A student writes:
I have been reading your book Keeping the Dalai Lama Waiting & Other Stories, which I have enjoyed. Something you wrote really struck me – your sense of ‘God’. This was a shock as I have been a Buddhist for 20 years and rejected God a long time ago, but the word ‘God’ has continued to open the heart, causing an immediate sensing of the whole of reality as both Emptiness and love.
I have tried hard to substitute the word with Bodhicitta, or the visualising of different Buddhist deities but while this has some effect, after all these years it is still relatively superficial compared to the power within the heart of the word and sense of God. What you wrote in your book spoke a little to this, which I haven’t really come across before.
The impact of the sense of God, is having a deep affect on me, but with much conflict. As, my life connections are within the Dharma and I have made commitments to practising Buddhism. Sensing this reality as God, automatically brings the sense in the heart that it never goes anywhere, how could it? Perhaps just framing it as ‘Awareness’, can give it a psychological connotation that is less far reaching and fundamental than God. It’s interesting how different words and their associations resonate differently.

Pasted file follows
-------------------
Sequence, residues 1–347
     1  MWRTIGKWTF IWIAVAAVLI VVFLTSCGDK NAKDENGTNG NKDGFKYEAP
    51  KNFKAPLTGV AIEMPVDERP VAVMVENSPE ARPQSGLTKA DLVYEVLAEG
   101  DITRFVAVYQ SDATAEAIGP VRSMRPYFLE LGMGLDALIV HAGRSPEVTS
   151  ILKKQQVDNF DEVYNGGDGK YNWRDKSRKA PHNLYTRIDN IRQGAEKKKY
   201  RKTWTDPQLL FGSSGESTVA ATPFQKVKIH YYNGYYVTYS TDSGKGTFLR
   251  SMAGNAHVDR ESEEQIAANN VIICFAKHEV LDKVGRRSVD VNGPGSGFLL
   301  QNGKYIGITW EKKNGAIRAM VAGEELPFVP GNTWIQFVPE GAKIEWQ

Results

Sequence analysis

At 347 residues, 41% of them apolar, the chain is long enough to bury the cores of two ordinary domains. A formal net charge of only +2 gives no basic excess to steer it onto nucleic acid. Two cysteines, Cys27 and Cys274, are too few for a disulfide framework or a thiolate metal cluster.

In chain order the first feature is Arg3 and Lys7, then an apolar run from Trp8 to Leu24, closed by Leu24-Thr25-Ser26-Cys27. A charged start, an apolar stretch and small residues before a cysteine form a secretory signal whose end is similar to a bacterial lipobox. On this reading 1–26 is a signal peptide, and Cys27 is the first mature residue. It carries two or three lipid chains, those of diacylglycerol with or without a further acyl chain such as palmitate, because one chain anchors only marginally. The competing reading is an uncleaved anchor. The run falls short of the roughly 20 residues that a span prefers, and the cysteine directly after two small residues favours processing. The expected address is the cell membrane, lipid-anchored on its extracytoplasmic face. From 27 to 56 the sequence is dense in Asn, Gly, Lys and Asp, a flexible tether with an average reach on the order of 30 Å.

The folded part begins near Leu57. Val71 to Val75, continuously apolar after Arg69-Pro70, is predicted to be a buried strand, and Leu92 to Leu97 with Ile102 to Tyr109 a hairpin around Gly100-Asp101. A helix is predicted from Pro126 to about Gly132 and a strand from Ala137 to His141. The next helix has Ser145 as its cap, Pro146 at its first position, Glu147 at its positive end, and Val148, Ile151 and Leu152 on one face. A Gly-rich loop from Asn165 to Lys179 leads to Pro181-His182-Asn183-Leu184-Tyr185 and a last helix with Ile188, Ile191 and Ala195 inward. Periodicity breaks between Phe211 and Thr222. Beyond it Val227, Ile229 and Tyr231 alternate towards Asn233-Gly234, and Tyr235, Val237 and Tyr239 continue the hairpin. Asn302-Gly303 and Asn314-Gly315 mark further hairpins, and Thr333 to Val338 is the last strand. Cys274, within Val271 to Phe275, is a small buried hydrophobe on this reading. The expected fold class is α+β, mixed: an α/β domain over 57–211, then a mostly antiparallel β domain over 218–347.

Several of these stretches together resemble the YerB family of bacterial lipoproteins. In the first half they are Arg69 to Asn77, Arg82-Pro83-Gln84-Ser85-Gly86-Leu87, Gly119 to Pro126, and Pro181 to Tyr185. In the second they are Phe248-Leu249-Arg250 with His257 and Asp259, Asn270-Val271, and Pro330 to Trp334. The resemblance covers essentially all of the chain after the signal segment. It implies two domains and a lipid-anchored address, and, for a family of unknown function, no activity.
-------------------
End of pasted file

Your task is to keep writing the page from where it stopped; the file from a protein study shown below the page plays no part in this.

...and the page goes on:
Lama Shenpen replies:
I resonate very strongly with what you say about the impact of ‘God’ and God language. Even after fifty five years I still find, like you, my word for that awe-inspiring, all-pervasive sense of benevolent presence is ‘God’, yet like you all my spiritual connections are Buddhist and the Buddha’s teachings are what I live by.
I think this shows us something about Mandala Principle and the power of words, language and culture. At some point I would like to hold an event for those who find themselves in the same boat as us – perhaps both on the Christian side and the Buddhist side. When the Awakened Heart Sangha first started someone ran a group that tried to bridge that gap – there is something very interesting there that some of us would really enjoy exploring with fellow practitioners.
The majority of western Buddhists are not from that camp I think – their experiences with God and God language are not positive and often never were. It is a very interesting area isn’t it?
I appreciated your response very much. It’s just reassuring to know that I am not the only one! Sometimes I wonder (somewhat ironically,) that Buddhist practice may well be one of the most effective ways to access a direct experience of ‘God’! For me the value of God language seemed to emerge once experience of ‘not-self’ or emptiness started to arise. Something about how it hints at what lies beyond the more reactive separate self.
I agree with what you say about this not being all that common among western Buddhists. The Dharma has at times almost defined itself against our cultural backdrop of Christianity. Like you I do find it fascinating. I would be very interested in being involved in any future discussion or event.
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